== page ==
In the Wild West, everyone is your enemy.

In answer to one of the criticisms levelled at GTA IV after launch, there's now a much wider variety in mission objectives. While there's still an emphasis on shooting, Marston's tale dictates some interesting diversions from the standard gunplay, most explicitly in the rural side of life in the West. While breaking in horses, herding cows and shooing crows away from corn crops doesn't sound like the most thrilling of activities, they make for a tranquil counterpoint to Marston's more gung-ho moments, something that's used to great effect come the story's devastating climax.

Mid-mission checkpoints make their way from the Episodes of Liberty City and they're particularly forgiving here. Rockstar also goes one further in trying to omit some of the frustrations that have crept into its games in the past – fail a mission one too many times and it's possible to skip it completely. There are other concessions too: there's not such an over-abundance of point-to-point missions and there's often an option to skip to the destination.

Do so and you risk missing out on Redemption's greatest feature; its open world. It is, in its own way, as bustling as GTA IV's thriving virtual metropolis - villages, farms and whole towns are liberally dotted across the land, and even the wilderness in between is populated by outlaws and lawmen that are all too willing to interrupt the player's travels. Getting from A to B more often than not involves stopping off at C to intervene in one of Red Dead Redemption's many random encounters, revolver in hand and ready to either deal out justice or capitalise on someone's ill fortune.

There's loads to do outside missions like taming horses, hunting and more.

Like the very best open world games it means that it's impossible not to be sidetracked when traversing the map. Wildlife is rich and plentiful; cattle roam New Austin, preyed upon by cackling coyotes, armadillos scuttle in the sand of Nuevo Paraiso while elks and hulking bears stalk the woods of West Elizabeth – and all of them and more besides are available for the hunt. Some of the wildlife is there for more than shooting; getting around is done near-exclusively on horseback (or, if you're unfortunate in your choice of getaway vehicle, on the back of an ass).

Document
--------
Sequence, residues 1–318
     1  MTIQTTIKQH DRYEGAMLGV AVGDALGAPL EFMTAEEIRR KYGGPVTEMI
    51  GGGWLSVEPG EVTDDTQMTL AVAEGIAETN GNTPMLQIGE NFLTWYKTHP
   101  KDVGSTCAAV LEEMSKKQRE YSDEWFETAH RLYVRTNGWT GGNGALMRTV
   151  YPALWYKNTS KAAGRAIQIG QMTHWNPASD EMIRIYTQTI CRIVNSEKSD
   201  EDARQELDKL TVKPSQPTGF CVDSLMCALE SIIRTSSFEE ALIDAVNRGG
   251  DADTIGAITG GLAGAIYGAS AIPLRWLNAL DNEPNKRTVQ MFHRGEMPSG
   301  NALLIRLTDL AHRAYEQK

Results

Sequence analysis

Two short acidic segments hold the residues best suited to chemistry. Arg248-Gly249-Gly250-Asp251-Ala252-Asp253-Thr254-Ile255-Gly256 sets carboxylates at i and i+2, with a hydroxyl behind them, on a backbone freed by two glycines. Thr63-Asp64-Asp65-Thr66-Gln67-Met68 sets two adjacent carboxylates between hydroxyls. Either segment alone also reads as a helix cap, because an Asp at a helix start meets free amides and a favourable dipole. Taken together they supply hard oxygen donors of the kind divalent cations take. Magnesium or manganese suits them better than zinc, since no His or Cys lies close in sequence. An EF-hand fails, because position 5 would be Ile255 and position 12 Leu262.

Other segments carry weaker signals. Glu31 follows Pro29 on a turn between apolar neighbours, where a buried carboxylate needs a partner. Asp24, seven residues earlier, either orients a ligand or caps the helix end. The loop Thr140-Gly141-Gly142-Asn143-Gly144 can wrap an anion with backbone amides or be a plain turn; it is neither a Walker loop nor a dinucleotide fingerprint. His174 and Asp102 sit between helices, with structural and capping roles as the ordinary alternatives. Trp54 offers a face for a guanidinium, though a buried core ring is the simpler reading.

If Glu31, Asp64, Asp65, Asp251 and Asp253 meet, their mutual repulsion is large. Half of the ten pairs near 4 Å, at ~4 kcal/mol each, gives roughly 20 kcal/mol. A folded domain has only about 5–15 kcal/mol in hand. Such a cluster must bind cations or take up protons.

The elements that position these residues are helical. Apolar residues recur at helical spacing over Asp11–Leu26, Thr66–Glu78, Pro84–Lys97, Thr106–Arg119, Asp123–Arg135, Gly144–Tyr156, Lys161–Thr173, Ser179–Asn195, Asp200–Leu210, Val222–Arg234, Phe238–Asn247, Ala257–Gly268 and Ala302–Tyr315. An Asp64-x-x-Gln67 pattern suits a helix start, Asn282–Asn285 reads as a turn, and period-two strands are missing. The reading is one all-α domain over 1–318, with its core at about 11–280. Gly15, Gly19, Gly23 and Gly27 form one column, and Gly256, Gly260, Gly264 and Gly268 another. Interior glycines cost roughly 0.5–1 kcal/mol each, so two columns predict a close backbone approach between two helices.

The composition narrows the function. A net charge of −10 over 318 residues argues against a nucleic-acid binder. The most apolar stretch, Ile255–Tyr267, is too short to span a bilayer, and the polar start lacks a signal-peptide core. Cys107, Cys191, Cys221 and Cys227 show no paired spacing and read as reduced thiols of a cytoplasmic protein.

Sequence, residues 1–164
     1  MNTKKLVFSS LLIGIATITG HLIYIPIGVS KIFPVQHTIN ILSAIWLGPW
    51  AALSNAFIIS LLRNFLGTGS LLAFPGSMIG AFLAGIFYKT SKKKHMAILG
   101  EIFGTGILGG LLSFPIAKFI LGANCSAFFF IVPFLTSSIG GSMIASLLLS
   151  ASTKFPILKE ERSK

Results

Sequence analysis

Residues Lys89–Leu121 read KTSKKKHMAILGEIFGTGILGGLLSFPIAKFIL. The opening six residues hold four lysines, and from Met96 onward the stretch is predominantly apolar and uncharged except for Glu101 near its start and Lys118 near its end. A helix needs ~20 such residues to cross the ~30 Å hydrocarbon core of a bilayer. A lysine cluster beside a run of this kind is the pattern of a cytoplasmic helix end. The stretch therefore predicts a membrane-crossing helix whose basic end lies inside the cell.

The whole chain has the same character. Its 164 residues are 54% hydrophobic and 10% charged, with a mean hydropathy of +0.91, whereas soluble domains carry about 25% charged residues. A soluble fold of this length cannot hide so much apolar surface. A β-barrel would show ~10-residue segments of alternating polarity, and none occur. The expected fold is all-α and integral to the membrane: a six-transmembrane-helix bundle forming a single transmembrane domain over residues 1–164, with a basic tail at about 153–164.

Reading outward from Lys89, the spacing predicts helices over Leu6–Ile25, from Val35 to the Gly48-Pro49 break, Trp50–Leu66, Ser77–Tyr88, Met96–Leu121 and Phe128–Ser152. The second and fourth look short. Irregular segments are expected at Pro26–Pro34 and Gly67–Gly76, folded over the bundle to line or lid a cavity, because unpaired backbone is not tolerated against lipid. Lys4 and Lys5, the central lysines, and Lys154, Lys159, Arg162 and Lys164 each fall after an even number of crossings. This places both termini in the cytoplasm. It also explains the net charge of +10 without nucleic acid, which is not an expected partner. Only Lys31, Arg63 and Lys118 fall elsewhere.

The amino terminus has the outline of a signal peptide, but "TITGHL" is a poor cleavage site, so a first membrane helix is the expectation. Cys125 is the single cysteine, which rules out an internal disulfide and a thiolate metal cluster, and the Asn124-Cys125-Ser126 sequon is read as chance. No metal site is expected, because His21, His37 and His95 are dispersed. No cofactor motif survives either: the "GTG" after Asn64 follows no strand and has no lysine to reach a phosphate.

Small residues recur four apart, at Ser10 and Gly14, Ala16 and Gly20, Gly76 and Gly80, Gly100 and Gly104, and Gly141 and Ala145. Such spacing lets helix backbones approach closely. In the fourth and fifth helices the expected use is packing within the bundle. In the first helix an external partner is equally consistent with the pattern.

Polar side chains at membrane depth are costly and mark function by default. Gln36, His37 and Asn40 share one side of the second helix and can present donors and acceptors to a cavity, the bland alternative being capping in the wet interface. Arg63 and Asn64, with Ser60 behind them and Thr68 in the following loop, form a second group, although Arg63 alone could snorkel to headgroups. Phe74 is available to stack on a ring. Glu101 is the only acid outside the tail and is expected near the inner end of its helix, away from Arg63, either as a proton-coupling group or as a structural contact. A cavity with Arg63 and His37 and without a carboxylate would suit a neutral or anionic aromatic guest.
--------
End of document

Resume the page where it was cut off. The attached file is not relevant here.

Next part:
And while the Euphoria-enabled animation continues to impress on the player and other human characters, the horses are the real highlight. Artfully animated and joyous to ride, they join Epona and Agro in gaming's equestrian elite. It's possible to build a real attachment to them as well: one wild stallion we broke in and tamed at the story's outset stayed faithful to us for some 15 hours, and when it eventually keeled over of exhaustion it was a moment as powerful as any of the story's scripted twists and turns.

The law system works superbly and is more in-depth than that in GTA.

The diversions in Red Dead Redemption are plentiful, from helping strangers in ongoing quests that can span a handful of hours to whiling whole afternoons playing blackjack and poker or even just to stop to see what the game will throw at you, be that a random assault or theft in a town to a full on siege of one of the West's many forts.

How the player responds to such incidents is charted in Marston's honour and fame stats – good deeds will eventually lend legendary status across the West and its inhabitants will act accordingly with discounts in stores and a rapturous reception when arriving in town, while darker doings will lead to a bad reputation and if pushed far enough a spell behind bars. The wanted system in Red Dead Redemption is several steps removed from that of GTA IV – repeated offences now lead to a bigger bounty being placed on the player's head and until it's either paid off in cash or served out in prison, posses will hunt them down.